Founder far from home

Albany Advertiser - - NEWS - Talitha Wolfe

Bare­ley a trace re­mains of the once lengthy in­scrip­tion carved into the head­stone of the found­ing fa­ther of Al­bany, Ma­jor Ed­mund Lock­yer.

Buried along­side sec­ond wife Sarah Mor­ris, the fi­nal rest­ing place of Maj. Lock­yer is un­recog­nis­able as lichen cov­ers the mon­u­ment in Cam­per­down Ceme­tery, Sydney.

Maj. Lock­yer carved him­self into Al­bany’s his­tory when he sailed into King Ge­orge Sound aboard the brig Amity on De­cem­ber 25, 1826 to claim Western Aus­tralia for Bri­tain.

The Devon-born English­man first ar­rived in Sydney in April, 1825, but was in­structed to es­tab­lish set­tle­ment on the west coast of Aus­tralia amid Bri­tish Gov­ern­ment fears the French were plan­ning to es­tab­lish a colony there.

Maj. Lock­yer re­turned to Sydney in 1827 be­fore he died of in­fluenza on June 10, 1860 in Wool­loomooloo, NSW.

Cam­per­down Ceme­tery Trust chair­woman Jenna We­ston es­ti­mates it would cost $10,000 to re­store the sand­stone mon­u­ment above Maj. Lock­yer’s grave.

“As Ed­mund Lock­yer’s grave mon­u­ment lies flat, rain of­ten soaks in and the text has be­come some­what dif­fi­cult to read,” she said. “There is also a build-up of lichen in ar­eas which could be scraped back, but in line with the con­ser­va­tion ap­proach in the ceme­tery, we do not rec­om­mend clean­ing the head­stone as this can dam­age or erode the orig­i­nal sand­stone fab­ric.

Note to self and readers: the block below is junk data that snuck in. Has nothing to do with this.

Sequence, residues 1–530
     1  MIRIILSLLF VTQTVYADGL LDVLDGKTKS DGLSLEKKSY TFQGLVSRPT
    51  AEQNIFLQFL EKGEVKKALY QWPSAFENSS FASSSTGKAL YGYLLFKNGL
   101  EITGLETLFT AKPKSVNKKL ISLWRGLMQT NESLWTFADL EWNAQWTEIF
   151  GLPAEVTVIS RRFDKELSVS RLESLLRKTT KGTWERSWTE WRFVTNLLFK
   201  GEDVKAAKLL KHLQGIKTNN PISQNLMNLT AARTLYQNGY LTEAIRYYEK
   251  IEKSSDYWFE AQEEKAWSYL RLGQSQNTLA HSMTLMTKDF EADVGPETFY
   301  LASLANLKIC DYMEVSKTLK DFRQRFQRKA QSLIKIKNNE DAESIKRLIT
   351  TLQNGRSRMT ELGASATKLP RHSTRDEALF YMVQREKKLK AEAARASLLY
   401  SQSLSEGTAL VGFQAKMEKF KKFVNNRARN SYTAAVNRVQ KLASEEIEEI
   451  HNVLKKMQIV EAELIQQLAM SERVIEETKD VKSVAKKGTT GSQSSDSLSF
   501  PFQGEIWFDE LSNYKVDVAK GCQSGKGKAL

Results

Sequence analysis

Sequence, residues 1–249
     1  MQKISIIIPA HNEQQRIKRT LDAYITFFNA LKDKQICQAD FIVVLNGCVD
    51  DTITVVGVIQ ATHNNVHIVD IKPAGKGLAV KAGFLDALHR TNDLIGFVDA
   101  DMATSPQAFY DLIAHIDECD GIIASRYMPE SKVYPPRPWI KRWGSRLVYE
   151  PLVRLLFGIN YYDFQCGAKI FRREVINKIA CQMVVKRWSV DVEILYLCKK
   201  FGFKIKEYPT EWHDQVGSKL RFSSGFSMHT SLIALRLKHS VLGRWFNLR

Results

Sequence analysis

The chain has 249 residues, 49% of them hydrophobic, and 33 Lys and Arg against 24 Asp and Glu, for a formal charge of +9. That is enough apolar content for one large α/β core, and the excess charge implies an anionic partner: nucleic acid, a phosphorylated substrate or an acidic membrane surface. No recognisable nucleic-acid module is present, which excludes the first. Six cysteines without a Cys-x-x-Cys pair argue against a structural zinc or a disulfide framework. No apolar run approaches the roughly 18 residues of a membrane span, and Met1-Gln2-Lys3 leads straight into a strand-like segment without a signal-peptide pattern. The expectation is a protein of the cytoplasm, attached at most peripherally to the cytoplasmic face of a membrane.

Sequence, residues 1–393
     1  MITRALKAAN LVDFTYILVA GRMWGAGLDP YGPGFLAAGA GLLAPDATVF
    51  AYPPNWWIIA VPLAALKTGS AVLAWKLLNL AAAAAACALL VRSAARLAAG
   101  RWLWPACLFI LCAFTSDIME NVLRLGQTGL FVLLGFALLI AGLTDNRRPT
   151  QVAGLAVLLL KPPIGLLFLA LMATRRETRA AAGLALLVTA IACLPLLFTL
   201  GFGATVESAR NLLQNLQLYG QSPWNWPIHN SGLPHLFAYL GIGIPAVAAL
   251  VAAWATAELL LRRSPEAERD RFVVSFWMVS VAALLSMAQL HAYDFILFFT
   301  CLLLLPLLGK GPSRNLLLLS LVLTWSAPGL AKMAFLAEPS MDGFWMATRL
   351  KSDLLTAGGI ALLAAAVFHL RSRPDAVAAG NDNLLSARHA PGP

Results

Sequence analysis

“The trustees are some­times able to ar­range for restora­tion of the graves of prom­i­nent in­di­vid­u­als, or mon­u­ments that have been re­cently dam­aged; how­ever, we es­ti­mate that on av­er­age it would cost at least $10,000 per grave for re­pair works.”

Ac­cord­ing to The Ar­gus on January 12, 1931, Maj. Lock­yer’s son Ni­cholas Col­ston Lock­yer had the fol­low­ing in­scribed on his fa­ther’s head­stone: “As com­man­dant at King Ge­orge’s Sound Ma­jor Lock­yer hoisted the Bri­tish flag on January 21, 1827, in as­ser­tion of the first of­fi­cial claim by the Im­pe­rial Gov­ern­ment to Bri­tish pos­ses­sion over the whole con­ti­nent of Aus­tralia.”

Ms We­ston said the ceme­tery trustees acted in a vol­un­tary ca­pac­ity to main­tain more than 2000 grave sites but restora­tion was the re­spon­si­bil­ity of the fam­i­lies.

“Main­te­nance of grave sites are the re­spon­si­bil­ity of the rel­a­tives of peo­ple in­terred in Cam­per­down Ceme­tery, and oc­ca­sion­ally rel­a­tives choose to re­store their an­ces­tors’ graves,” she said.

“As there is no guar­an­teed Gov­ern­ment fund­ing for such restora­tion works, the ceme­tery is said to be in ‘grace­ful de­cay’, as the cost of at­tempt­ing to re­store each stone re­quir­ing re­pair is pro­hib­i­tive.

“Nev­er­the­less, the trustees use the ceme­tery’s lim­ited in­come to main­tain the grounds, and to un­der­take as much restora­tion and con­ser­va­tion works as pos­si­ble, in ac­cor­dance with the ceme­tery’s con­ser­va­tion pol­icy.”

Al­bany founder Ma­jor Ed­mund Lock­yer’s grave in Cam­per­down ceme­tery, Sydney.

Pic­ture: Lau­rie Ben­son

The Pa­rade Street site where Ma­jor Ed­mund Lock­yer raised the Bri­tish flag.

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